The Angels beat the Yankees, the Twins beat the A's. Are teams that depend on the single and the stolen base better in the post-season than teams that play for the three run-home run?

Let's check it out. My theory is "no." I think any approach that gets a team through 162 games and into the playoffs will be an approach that'll be successful in those playoffs, if it's Weaver or Baylor.

So first, a disclaimer: I'm going to be putting some wide, wide stats in the blender here and pushing 'puree'. Maybe the 'pulse' button a couple of times. I'm using all raw stats and throwing this out as a first stab at the issue. I'll be moving on from here in future columns.

The average major league pitching staff had an ERA of 4.27, threw 1,442 innings, gave up 1,442 hits (seriously), 747 runs, 684 earned runs, 542 walks, 1,046 strikeouts, 290 doubles, 31 triples, 169 home runs, hit 58 batters…

So how about some rate stats? 28 balls in play/9, 3.4 walks/9, 6.5 strikeouts/9, 1.1 HR/9, Hits on balls in play was .276.

(BIP as batters faced – bb-so-hr, hits on balls in play as (h-hr)/bip).

Park-adjusted, the teams that went into the playoffs ranked 1, 2, 3, 5, 6, 8, 11, and 12 in starting pitching, and 1, 2, 3, 4, 5, 10, 16, and 19 in bullpen strength. No matter which way you stack that, the teams that went into the playoffs brought better-than-average staffs with them.

Looking at the pitching of the playoff contenders, they've got an ERA of 3.71 and 28.3 BIP/9, 3 walks/9, 6.6 strikeouts/9, .9 HR/9, aaand, further, they only gave up hits on balls in play at a .270 clip.

So what do we see already? While strikeout rates are almost the same, walks are 10% scarcer, and home runs are almost 20% less frequent. At the same time, putting the ball in play is only slightly less effective, even though you're facing strong defenses.

These statistics don't quite tell the story: heading into the post-season teams drop their 5th starters and sometimes their 4th, depending on how advantageous their scheduling is. Spot starters and 11th men are all discarded (unless, uh, they're Cardinals). And the guys who pitch into October, they're almost to a man pitchers who strike out more and don't give up the long ball nearly as much as the pitchers getting dropped.

Here's the composite raw regular season line for every pitcher who appeared in the playoffs through the League Championship Series:

3.42 ERA, 27.4 BIP/9, 2.8 walks/9, 6.9 strikeouts/9, .9 HR/9

Tougher and tougher. That's half a walk less, half a strikeout more, and one-half less ball for the defense to catch.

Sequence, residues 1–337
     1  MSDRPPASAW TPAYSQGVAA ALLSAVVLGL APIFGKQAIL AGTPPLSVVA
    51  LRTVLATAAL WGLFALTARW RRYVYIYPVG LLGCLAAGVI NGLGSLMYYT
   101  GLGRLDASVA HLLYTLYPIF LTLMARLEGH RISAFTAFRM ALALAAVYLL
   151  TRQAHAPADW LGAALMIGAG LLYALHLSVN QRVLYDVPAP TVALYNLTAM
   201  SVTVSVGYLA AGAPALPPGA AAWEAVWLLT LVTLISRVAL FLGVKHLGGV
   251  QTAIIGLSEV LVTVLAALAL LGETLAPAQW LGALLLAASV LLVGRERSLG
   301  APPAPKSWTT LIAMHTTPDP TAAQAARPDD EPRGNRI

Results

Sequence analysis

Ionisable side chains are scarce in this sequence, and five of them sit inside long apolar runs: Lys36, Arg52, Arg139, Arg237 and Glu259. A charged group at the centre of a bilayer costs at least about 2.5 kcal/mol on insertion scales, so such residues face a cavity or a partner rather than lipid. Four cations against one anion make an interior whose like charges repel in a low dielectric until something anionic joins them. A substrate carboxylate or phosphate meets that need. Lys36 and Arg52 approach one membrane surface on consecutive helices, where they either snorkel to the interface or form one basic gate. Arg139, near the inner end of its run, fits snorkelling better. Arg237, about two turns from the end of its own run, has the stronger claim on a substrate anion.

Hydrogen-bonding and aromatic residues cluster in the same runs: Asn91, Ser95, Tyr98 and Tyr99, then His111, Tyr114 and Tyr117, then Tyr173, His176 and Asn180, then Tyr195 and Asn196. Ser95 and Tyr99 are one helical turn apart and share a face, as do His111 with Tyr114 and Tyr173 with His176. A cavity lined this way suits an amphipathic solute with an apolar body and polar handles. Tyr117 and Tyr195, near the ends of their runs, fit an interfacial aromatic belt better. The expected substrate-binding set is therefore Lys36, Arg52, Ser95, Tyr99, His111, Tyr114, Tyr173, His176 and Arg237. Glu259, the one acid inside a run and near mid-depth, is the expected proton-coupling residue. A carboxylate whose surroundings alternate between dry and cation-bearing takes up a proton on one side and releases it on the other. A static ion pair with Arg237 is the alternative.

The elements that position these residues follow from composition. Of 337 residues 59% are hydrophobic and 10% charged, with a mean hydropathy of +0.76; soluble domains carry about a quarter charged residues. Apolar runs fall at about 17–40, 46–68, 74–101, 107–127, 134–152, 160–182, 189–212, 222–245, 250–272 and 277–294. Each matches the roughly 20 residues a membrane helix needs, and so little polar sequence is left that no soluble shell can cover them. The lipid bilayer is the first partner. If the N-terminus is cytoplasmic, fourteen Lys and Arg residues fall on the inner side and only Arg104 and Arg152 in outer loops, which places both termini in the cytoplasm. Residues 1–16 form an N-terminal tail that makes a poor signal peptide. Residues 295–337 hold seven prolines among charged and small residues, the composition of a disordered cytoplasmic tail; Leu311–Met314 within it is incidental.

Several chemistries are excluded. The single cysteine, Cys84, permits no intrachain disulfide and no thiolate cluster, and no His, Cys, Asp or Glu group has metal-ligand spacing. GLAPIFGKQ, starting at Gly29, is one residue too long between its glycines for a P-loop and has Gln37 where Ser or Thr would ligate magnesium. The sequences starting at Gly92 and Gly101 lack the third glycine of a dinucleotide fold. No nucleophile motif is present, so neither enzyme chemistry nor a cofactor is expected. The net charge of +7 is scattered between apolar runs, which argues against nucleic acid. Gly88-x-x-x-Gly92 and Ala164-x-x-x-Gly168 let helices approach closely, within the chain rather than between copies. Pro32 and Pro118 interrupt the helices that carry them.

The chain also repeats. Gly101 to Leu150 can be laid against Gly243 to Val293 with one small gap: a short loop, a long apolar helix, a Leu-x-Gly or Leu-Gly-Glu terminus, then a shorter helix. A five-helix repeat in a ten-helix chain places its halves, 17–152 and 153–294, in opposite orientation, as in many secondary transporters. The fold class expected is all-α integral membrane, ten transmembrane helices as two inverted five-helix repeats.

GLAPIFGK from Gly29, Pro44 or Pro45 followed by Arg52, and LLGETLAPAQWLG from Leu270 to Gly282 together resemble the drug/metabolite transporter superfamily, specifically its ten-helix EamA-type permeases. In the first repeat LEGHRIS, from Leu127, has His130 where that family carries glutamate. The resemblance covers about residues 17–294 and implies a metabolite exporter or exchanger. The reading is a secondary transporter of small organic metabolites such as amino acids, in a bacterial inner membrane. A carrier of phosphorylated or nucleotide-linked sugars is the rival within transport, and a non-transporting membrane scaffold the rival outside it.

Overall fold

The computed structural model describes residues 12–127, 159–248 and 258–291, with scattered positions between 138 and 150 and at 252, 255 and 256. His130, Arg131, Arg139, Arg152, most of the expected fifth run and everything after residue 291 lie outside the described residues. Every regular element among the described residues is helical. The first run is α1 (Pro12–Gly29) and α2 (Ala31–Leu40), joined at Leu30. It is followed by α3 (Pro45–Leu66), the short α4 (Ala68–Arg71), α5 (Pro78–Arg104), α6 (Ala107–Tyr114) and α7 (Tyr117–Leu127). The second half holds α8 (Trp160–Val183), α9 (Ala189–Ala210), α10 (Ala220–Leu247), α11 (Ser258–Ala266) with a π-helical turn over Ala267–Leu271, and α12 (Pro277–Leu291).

At this point, I'm thinking my theory's wrong: if you're a team like the Twins or Angels, good at getting hits on balls in play, to the tune of being 10% better at it than Oakland, you can kick (say) Oakland's butt offensively as they see fewer of their precious walks and get served fewer pitches they can drive into the bleachers. Or you'd think.

This ignores two obvious issues, of course. First, offense: the playoff teams all also took above-average offenses into the playoffs (unless they were Atlanta). Surprisingly, I found that there's not a significant difference in walk rates per plate appearance of the teams that went into the playoffs this year over a normal team, and the increase in the home run rate was only about 10%.

And second, defense. Few teams make the playoffs with bad defense. For all the talk about how Oakland punts defense, they were a top-flight defensive unit, along with Anaheim, Atlanta, and San Francisco. So putting balls in play is actually going to be less effective against playoff opponents than most regular season matchups. At the same time, the best defenses in the league only converted maybe 200 or so hits into outs–the difference between Anaheim and Tampa Bay was less than one conversion a game.

(Brief digression: how bad are the Devil Rays? Seriously, this is a team that park-adjusted ranked near the bottom of the league in offense, defense, and pitching. They've got nothing, folks, nothing. May Piniella save their souls.)

All of these stats, adjusting them up and down, don't really do much to change what we can expect in a game compared to the regular season: 10% fewer walks means two walks for a team in a 5-game series. A 10% drop in home runs might be one less home run, but then if you buy that home runs are equally to the credit of the pitcher and the hitter, the increase in home run power from the offense sets that off. Defenses turning three or four hits a series into outs, that's just as bad. It's a wash so far.

Next up: Post-season matchups: does batting average beat OPS? Are there other ways to look at this issue?

Thank you for reading

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